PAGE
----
Assessment of reactive thermoplastic composite pultrusion for continuous-fibre reinforced 3D printing

Conference Dates

March 8 – 12, 2020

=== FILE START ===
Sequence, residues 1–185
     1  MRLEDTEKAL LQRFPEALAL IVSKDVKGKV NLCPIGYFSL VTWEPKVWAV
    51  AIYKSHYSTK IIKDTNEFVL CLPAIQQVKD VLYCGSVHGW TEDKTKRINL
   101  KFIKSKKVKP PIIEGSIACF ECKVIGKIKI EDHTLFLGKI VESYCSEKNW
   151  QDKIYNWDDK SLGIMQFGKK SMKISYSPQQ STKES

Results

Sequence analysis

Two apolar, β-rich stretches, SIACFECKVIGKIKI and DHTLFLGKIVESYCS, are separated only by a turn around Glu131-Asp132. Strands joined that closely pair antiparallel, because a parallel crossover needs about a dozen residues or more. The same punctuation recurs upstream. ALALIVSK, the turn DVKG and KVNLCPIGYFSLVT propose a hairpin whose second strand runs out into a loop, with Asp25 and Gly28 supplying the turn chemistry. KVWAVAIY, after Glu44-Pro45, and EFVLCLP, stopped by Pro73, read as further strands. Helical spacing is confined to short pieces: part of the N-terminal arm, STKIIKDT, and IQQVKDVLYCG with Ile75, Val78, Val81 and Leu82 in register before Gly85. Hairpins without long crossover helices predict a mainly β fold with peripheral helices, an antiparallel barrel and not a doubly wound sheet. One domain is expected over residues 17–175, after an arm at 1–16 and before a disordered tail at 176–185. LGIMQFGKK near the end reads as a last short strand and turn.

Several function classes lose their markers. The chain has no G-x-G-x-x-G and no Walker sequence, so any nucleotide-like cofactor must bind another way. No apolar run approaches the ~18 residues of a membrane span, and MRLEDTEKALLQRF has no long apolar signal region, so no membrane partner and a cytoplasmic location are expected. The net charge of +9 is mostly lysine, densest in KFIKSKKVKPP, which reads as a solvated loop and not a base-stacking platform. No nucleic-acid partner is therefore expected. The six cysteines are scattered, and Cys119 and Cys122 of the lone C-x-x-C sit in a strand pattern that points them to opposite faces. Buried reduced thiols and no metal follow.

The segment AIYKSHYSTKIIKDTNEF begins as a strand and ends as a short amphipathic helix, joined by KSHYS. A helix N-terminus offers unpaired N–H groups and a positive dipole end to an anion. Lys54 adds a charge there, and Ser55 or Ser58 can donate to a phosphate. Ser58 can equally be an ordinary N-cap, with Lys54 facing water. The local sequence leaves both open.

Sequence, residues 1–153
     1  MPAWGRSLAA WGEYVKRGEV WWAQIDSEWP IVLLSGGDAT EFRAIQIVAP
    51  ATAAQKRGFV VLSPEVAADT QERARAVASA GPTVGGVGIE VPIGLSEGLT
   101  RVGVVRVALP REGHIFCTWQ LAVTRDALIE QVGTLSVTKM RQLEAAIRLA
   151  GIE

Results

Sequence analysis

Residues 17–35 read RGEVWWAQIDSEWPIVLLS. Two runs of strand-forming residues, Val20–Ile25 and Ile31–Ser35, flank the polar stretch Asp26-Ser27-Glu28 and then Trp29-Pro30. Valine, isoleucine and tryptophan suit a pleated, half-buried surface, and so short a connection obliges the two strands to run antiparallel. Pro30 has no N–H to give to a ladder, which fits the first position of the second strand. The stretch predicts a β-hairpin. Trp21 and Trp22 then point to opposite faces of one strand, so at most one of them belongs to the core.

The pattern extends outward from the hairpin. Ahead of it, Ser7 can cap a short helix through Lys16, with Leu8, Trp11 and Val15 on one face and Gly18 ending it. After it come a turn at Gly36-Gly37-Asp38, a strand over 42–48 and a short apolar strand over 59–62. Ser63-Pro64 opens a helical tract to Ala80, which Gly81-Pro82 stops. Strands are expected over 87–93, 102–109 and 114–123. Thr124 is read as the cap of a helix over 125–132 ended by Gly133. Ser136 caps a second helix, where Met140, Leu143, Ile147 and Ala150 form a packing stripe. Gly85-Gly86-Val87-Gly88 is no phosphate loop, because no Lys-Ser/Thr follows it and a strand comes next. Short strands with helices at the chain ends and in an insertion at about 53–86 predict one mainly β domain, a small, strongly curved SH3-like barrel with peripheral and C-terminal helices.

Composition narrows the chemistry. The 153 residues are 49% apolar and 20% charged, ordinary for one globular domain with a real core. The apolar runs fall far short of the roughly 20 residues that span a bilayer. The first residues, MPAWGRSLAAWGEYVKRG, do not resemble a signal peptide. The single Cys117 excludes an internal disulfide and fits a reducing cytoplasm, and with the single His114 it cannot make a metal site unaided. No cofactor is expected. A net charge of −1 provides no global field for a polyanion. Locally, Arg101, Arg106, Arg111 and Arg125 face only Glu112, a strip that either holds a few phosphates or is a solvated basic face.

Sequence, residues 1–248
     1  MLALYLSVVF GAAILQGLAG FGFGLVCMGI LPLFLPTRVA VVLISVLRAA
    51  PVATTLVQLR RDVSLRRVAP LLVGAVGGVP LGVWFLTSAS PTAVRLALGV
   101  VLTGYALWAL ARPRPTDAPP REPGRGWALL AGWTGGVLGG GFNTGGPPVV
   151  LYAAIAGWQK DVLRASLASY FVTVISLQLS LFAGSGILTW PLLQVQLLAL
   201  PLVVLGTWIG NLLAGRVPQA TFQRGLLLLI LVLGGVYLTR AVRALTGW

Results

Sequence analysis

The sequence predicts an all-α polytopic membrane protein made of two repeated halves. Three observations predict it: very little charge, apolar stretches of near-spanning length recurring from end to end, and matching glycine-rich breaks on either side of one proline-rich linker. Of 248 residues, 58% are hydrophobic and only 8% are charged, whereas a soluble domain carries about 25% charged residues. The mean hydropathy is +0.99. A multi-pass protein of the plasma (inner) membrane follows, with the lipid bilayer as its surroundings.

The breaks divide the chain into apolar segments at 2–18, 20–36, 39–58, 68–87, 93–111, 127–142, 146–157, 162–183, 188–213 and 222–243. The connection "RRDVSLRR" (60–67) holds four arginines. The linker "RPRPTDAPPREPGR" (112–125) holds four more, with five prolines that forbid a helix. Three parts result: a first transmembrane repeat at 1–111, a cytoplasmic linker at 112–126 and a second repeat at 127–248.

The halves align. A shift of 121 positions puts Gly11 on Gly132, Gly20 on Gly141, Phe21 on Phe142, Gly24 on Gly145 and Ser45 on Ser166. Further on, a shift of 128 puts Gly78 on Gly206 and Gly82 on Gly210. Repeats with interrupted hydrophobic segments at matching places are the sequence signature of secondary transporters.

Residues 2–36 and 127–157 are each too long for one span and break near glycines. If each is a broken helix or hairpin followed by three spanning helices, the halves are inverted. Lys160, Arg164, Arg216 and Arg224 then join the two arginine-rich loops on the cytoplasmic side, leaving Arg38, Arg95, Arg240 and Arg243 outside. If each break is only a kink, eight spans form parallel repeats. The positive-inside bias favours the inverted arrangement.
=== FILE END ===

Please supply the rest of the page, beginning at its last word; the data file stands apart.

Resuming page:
One of the new trends in additive manufacturing is the 3D printing of continuous fibre composite parts. Performance of such materials are significantly higher than for the typical 3D printed polymer materials made by filament deposition modelling (FDM) and stereolithography methods. In the frame of the project SAMIA-3D funded by the Luxembourg National Research Fund (FNR), LIST collaborates with Anisoprint to further develop its patented continuous-fibre 3D printing technology. The technology is based on a filament deposition process and involves multiphasic material. Materials currently used for the CFRP filament and the co-extruded matrix ensure the cost-effective production by printing of high performance composite material. Resulting properties present interesting mechanical properties compare to competitors and satisfy consumer’s goods requirement. But the main limitation of the current setup for structural applications is the high void volume content of the printed parts, voids both induced by the filament manufacturing process and thus the overall quality of the filament itself and also by the 3D printing process because of hot formability and multimaterial adhesion issues. One of our approach in the project is based on the improvement of the CFRP filament quality that can be achieved by using a reactive thermoplastic matrix for the filament manufacturing. The resin Elium® 595 supplied by Arkema exhibits interesting properties in terms of processability and also good mechanical properties similar to thermoset. Its reactivity and thermo-physical properties will be characterized through DSC, TGA and DMA. The manufacturing of thin filaments as well as their printability will also be assessed. A pultrusion-like process will be explored to produce filament with an expected high fiber volume ratio up to 65% whose thermo-physical and mechanical properties will be presented. In addition, the structure of the material will be investigated using a multi-scale approach, from surface aspect ratio and surface chemistry up to material morphology using SEM and micro-CT. Less than 0.5% of porosities are obtained on the filament material. Finally, printability of the reactive thermoplastic-based filament will be experimentally evaluated. Process induced defects such as multi-material interface, cracks and porosities will be characterized. Compared to existing thermoset based solution, a significant cracks and voids reduction has been observed.

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